Guitarist - Songwriter

How to Use Chord Inversions (“Slash Chords”) – Plus 6 Examples

Every chord has contains at least 3 notes: C uses C-E-G; Dm uses D-F-A; Em uses E-G-B, and so on. Some chords contain more than 3. For example, G7 has the 3 notes that make up the “triad” part: G-B-D, and then a 7th on top, making it a 4-note chord: G-B-D-F. The root of a chord is the note represented by […]

Keyboard player - songwriter - chord inversions

Everything You Need to Know About “Slash Chords” (Inversions)

When you play through chord progressions for songs you know, you’ll occasionally come across ones that involve a slash: F/A, C/G, Dm7/F, etc. These kinds of chords are called inversions, known colloquially as “slash chords” because of that slash. As you probably know, the letter name before the slash is the actual chord that you should […]

Piano and Guitar - creative chords

Designing More Creative Chord Progressions

Chord choice is one part of songwriting that doesn’t require a lot of imagination. All that’s really required is that a progression works. In that sense, it’s not much different from a piece of country land that you might build a house on. Sure, it may seem important to have land that, on its own, takes […]

Three Trapped Tigers - English band

5 Ideas to Add Sparkle to a Chord Progression

A song that we love can seem to have a really enticing chord progression, but when you really dig into the song to find out what they’ve done regarding chords, you often find that they’re very ordinary, and that it’s other things — syncopated rhythms, chord inversions, and melodic shapes above the chords — that […]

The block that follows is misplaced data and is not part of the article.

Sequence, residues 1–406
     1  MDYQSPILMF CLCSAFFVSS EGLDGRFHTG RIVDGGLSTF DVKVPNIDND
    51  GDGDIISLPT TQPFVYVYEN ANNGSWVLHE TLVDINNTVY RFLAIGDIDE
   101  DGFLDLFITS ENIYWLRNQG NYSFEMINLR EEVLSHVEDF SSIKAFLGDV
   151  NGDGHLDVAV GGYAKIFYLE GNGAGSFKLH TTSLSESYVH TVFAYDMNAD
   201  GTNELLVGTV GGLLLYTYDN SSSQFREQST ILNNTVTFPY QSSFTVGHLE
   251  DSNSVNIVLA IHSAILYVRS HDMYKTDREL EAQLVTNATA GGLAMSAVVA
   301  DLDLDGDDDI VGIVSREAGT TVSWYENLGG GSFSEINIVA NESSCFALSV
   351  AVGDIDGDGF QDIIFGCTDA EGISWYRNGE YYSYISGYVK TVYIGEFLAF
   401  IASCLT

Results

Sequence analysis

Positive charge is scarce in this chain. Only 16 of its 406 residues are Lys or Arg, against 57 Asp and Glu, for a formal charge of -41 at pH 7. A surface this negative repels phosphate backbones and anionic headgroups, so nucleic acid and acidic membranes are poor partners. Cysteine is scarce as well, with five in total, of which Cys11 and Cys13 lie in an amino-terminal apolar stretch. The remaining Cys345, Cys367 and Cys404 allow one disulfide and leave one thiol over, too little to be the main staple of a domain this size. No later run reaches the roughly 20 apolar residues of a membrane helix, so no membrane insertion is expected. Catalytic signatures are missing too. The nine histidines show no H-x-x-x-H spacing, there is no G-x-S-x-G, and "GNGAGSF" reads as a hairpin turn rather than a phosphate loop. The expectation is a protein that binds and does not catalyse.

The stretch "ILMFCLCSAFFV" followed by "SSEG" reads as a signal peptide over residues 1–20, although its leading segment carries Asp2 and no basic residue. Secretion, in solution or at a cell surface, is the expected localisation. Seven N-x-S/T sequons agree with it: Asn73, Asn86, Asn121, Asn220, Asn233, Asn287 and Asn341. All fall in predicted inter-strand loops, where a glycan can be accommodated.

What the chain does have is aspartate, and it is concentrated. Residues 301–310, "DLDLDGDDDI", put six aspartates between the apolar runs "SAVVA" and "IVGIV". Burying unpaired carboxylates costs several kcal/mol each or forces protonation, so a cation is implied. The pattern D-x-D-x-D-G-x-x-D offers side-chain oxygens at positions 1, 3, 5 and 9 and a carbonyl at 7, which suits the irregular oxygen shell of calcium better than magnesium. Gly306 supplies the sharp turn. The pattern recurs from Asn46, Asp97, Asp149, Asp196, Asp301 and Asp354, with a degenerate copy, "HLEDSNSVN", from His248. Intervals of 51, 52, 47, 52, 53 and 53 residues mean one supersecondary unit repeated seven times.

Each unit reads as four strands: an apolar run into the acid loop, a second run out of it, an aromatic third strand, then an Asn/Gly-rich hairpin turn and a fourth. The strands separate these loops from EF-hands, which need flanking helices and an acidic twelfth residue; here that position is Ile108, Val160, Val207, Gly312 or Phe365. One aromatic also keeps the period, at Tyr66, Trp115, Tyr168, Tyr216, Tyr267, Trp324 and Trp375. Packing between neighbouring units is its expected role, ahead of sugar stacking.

Guitar and piano

How to Invert a Chord, and When to Do That

A chord is 3 or more notes all sounding together. Those 3 notes form what we call a triad, and they are the bulk of the chords that get used in most songs written in any of the pop genres (rock, country, folk, etc.) As you know, there are lots of ways to modify triads. One of […]

How to Use Chord Inversions to Greatest Effect

A chord inversion (“slash chord”) can add a great sense of variety to a standard chord progression. An inverted chord (some know them as “slash chords”) are ones in which the lowest-sounding note is not the letter-name of the chord. If you play a C major chord on a guitar while the bass plays a […]